Women prisoners 'coerced into sex with staff'
Female prisoners in England and Wales have been coerced into having sex with staff in return for favours such as alcohol and cigarettes, a report says.
The findings were published by the Commission on Sex in Prison, which was set up by the national charity The Howard League for Penal Reform.
Some inmates formed relationships as a source of comfort and support, it said, but some of these became abusive.
The Prison Service said it did not condone sex in prisons.
The Commission, which comprises leading academics, former prison governors and health experts, is the first independent review of sex behind bars in England and Wales.
'Protect the vulnerable'
The report said a form of sexual assault known as "decrotching" was believed to have occurred in jails - which involved female prisoners forcibly retrieving drugs from another inmate's body.
Women have different sexual health needs to men and they are at greater risk of entering prison with a sexually transmitted infection such as HIV, the paper also suggested.
Among its recommendations, the report said that "staff working with women in prison need training and guidance on how to support women, identify relationships between prisoners and recognise bullying".
It added: "The working relationships between prison staff and women can be beneficial and there is evidence that women prisoners are more open about their feelings than men and more likely to talk to staff about problems."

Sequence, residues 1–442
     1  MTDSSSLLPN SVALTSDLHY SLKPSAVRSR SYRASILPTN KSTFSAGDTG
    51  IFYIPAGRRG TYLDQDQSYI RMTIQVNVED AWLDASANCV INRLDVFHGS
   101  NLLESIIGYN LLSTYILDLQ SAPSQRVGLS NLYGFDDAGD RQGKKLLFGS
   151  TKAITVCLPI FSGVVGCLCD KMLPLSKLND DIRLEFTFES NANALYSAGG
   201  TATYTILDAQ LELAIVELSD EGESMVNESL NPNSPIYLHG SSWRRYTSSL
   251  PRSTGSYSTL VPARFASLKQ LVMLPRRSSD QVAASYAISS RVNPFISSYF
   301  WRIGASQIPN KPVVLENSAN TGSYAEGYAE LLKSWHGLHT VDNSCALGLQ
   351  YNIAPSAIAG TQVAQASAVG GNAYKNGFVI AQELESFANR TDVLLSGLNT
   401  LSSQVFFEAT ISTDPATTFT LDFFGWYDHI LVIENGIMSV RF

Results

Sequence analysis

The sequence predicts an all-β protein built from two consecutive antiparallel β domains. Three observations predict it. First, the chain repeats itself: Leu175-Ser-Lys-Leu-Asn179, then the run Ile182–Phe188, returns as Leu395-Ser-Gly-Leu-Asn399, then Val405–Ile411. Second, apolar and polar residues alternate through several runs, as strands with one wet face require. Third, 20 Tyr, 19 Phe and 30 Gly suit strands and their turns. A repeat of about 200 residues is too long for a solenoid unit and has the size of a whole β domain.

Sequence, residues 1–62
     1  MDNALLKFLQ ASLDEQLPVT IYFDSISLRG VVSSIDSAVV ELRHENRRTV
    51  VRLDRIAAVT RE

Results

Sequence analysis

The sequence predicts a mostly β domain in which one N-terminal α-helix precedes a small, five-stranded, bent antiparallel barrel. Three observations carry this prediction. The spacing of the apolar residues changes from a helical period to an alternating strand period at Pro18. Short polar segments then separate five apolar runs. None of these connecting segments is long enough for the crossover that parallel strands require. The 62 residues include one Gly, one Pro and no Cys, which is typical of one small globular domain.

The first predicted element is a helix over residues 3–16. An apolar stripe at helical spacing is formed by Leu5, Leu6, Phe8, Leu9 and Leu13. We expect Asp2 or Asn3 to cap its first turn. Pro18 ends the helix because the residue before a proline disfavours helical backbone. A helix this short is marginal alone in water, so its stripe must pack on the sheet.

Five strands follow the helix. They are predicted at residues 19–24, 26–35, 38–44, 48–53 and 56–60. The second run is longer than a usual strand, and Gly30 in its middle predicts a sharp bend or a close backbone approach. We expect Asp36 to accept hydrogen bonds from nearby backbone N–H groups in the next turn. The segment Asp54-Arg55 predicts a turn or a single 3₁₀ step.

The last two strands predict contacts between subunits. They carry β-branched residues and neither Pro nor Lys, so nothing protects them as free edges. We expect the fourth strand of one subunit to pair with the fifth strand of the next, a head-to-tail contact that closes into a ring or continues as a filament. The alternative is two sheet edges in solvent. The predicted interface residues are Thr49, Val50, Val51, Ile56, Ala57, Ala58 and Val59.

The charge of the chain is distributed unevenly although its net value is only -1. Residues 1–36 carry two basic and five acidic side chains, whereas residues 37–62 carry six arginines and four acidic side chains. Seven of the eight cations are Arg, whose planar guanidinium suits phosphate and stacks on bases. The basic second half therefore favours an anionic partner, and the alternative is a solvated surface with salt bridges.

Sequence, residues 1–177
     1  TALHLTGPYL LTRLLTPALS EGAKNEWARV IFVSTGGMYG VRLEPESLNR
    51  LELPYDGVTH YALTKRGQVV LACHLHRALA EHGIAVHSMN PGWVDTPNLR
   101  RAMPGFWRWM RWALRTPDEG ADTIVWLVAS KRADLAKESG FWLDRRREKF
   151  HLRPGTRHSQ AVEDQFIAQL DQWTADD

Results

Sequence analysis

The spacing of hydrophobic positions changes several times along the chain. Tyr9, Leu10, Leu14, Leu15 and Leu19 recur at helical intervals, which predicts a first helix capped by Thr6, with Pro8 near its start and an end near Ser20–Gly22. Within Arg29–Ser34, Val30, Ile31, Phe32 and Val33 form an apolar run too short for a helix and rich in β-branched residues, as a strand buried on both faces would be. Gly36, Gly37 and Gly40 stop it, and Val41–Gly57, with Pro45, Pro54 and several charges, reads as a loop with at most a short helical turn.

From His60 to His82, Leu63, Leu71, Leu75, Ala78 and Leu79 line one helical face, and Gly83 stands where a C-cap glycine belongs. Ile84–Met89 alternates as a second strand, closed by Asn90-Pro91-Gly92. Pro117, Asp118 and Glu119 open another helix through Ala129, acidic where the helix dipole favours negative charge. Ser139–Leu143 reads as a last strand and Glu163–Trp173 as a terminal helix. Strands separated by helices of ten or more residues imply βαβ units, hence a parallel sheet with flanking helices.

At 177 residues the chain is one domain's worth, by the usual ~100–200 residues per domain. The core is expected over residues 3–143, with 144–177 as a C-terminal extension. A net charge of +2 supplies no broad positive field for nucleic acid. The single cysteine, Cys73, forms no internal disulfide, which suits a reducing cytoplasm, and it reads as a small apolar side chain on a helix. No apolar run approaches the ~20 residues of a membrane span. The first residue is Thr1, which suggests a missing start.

The commission said there was little reliable data available on consensual or coercive sexual activity in prisons.
It instead heard anecdotal evidence from agencies involved with the prison service, as well as from former and current prisoners.
The evidence included a study of women's health from 2006, when 220 female prisoners were interviewed a month after they arrived in custody. Eighteen said they had had sex with a man and 25 had had sex with a woman during that month.
The Prison and Probation Ombudsman also submitted that in the last five years it had investigated five female prisoner deaths, compared with one male death, in which sexual issues were found to have contributed in some way.
Chris Sheffield, chairman of the Commission on Sex in Prison, said: "Women in prison are particularly vulnerable and more likely than men to have a history of being a victim of violence or sexual abuse.
"It is important that policies recognise these differences and are developed in order to protect the vulnerable."
He added: "It is equally important that staff in women's prisons receive specific training on working with women."
A Prison Service spokeswoman said: "Sexual relations between prisoners are not commonplace. We do not condone sex in prisons or believe that prisoners in a relationship should share a cell.
"Reported incidents of sexual assault in prison are rare. Where an alleged sexual assault is reported or discovered it will be investigated and reported to the police if required."
The Howard League for Penal reform said it wanted to see less crime, safer communities and fewer people in prison.